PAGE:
Notes on synthetic speech
I've been thinking about conversational interfaces for some time, and about the importance of voice quality as a part of user experience.
I use a screen reader and it sounds the same, whatever I'm doing - reading an email from a friend, reading news of a global disaster, reading something in the first-person female or first-person transgender, shopping for clothes or scrutinising a business contract. Although the quality of voices used by screen readers is OK, you're never in any doubt that you're listening to synthetic speech - and believe me, it's boring!
It's worse than that though. I've been using the same screen reader with the same voice for about 20 years. The quality of synthetic speech has improved considerably over that time, so you might well ask why I choose to listen to a voice that has its origins in the 1980s.
The reason is not vocal quality; it's performance. Like other screen reader users, I've grown used to listening at relatively high speed - something like 520 Words Per Minute (WPM), as opposed to the roughly 150 WPM of conversational English.
Like GPS navigation systems, automated phone menus, and voice assistants, screen readers use Text To Speech (TTS) engines to create the voice you hear. Each TTS engine comes with a different set of voices, and some screen readers let you switch TTS engines so you can choose a voice you prefer.
Different types of TTS have emerged over the years, and each has its advantages and disadvantages.
To understand the way different TTS engines work, it's helpful to know a bit about how human speech works.
Sound is created when a flow of air is interrupted. The interruption makes air particles vibrate so they bump into other air particles. Those other air particles also start to vibrate, and bump into yet more air particles. This keeps happening until the wave of vibration, or sound wave, runs out of energy.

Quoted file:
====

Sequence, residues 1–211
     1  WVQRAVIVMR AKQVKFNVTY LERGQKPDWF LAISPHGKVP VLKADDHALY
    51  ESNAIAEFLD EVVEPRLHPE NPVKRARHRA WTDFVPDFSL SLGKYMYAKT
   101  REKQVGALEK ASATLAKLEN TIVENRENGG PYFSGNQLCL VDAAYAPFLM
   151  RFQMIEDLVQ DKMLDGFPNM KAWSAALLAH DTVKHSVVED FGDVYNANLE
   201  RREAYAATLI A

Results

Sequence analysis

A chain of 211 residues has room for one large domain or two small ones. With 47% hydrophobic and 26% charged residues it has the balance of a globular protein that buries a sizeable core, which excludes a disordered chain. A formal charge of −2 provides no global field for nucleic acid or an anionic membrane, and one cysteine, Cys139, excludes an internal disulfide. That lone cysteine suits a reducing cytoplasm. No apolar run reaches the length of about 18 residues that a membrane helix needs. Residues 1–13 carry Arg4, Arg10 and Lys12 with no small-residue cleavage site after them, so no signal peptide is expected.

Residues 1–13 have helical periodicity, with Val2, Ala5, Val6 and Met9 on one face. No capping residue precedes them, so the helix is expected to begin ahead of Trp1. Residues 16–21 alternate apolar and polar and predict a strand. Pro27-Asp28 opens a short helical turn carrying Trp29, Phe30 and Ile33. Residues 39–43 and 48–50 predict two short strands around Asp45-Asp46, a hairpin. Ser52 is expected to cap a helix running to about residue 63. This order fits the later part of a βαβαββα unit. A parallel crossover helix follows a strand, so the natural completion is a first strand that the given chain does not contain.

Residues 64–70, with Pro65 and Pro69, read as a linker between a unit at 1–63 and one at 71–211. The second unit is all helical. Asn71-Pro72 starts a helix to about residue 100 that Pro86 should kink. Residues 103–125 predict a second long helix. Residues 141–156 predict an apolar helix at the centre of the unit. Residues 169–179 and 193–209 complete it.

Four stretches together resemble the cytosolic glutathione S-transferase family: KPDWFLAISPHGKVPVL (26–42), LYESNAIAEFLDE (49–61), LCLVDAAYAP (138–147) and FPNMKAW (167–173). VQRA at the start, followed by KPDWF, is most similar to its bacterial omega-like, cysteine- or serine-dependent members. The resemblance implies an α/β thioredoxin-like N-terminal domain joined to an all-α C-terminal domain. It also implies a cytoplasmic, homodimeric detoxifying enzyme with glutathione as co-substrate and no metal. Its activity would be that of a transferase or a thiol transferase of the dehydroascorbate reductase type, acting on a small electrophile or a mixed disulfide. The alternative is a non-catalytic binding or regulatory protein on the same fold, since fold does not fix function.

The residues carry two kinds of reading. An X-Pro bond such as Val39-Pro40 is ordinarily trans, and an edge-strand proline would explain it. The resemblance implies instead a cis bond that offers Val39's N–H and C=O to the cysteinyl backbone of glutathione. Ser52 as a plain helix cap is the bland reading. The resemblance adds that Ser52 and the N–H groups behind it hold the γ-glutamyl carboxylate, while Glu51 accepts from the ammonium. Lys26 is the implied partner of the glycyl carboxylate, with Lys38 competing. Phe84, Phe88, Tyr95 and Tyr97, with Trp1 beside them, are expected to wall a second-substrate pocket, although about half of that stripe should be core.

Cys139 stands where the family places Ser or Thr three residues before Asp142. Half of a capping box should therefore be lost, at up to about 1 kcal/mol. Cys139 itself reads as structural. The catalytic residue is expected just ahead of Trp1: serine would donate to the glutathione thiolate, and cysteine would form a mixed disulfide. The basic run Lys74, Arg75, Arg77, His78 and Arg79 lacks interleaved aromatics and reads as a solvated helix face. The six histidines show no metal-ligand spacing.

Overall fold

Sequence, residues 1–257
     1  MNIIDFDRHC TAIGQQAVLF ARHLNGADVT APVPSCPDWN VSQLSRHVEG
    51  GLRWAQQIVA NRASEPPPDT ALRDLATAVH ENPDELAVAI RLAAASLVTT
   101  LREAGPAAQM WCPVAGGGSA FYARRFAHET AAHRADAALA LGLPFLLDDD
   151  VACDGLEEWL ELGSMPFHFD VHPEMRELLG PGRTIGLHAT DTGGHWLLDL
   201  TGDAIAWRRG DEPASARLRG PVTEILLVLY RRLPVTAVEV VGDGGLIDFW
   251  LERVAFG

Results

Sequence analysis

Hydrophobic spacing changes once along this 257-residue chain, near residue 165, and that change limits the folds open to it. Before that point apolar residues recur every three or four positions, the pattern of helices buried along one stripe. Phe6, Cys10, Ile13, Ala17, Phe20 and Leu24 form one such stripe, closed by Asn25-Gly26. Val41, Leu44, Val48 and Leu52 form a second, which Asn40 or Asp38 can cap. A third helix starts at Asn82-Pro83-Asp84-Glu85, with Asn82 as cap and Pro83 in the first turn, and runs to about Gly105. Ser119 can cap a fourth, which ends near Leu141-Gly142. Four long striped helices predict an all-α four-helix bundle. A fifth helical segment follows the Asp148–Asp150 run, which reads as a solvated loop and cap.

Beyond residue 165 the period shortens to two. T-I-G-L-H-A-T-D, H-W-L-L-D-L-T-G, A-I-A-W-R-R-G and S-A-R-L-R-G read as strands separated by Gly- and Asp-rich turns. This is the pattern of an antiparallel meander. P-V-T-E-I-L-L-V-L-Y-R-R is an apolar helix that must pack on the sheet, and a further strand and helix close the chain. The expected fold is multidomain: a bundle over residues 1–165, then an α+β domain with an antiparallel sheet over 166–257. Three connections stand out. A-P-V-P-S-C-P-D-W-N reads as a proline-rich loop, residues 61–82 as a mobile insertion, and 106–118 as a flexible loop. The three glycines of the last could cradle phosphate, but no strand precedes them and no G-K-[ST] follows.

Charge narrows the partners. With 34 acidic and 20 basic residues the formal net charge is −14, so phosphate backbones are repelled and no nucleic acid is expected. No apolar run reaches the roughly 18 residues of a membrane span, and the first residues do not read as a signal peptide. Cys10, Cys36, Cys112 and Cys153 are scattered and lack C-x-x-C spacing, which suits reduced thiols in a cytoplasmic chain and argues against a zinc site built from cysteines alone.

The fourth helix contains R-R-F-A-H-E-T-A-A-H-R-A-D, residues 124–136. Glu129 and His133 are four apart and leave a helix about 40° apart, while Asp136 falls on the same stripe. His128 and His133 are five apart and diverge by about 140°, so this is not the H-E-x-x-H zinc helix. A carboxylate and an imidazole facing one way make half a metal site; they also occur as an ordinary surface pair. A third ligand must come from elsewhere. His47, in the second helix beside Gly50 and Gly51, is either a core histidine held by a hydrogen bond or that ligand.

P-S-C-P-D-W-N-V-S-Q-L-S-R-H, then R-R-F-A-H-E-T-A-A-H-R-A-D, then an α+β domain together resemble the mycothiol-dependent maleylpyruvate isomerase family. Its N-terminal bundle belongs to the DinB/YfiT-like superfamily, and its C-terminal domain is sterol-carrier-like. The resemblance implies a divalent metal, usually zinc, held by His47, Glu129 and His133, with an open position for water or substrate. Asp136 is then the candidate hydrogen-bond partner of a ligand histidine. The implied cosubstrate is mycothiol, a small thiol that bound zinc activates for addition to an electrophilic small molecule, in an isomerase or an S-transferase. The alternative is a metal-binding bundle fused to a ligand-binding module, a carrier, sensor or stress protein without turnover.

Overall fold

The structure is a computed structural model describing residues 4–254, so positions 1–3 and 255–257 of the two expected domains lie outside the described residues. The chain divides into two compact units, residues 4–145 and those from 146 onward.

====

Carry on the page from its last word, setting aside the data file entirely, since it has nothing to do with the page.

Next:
When you speak, air is pushed out of your body by your diaphragm, ribs, and abdominal muscles. On the way out, the flow of air is interrupted by your vocal cords, which vibrate, creating a sound wave.
The number of times your vocal cords vibrate in a second determines the pitch of your voice. If your vocal cords vibrate 85 times a second, the flow of air is interrupted 85 times a second, which means the pitch of your voice is 85HZ. The higher the frequency of the vibrations, the higher the pitch of your voice.
Your vocal cords do not all vibrate at the same frequency. The lowest and strongest frequency is known as your fundamental pitch - the pitch you speak at. Harmonics are vibrations that happen at the same time, but at a higher and weaker frequency.
Sounds that have a low pitch are louder than those with a higher pitch, so if your vocal cords were the only part of you involved in making yourself heard, your harmonics would not be heard over your fundamental pitch.
Your body solves this problem by amplifying the volume of the sound in resonating chambers. Each chamber contains air that will vibrate at a frequency determined by the size of the chamber, the smaller the chamber, the higher the pitch.
The sound wave you generated passes through your resonating chambers. If one of them has a size and shape that means it has a vibration frequency that's the same as either your fundamental pitch or one of the harmonics, the air inside the chamber starts to vibrate at the same frequency - amplifying the sound.
You can change the size and shape of your resonating chambers using things like your diaphragm, tongue, soft palette, jaw, and lips; and in so doing you control the pitch (frequency) and volume (amplitude) of the sound that emerges from each chamber. These chambers typically resonate at between three and five frequencies, known as formants.
Formant TTS creates artificial sounds based on a set of rules that mimic the basic characteristics of human speech (like frequency and amplitude). It needs little processor power, making it a good choice for devices with little or unknown computational capability - like computers running screen readers in the 1990s or older computers today.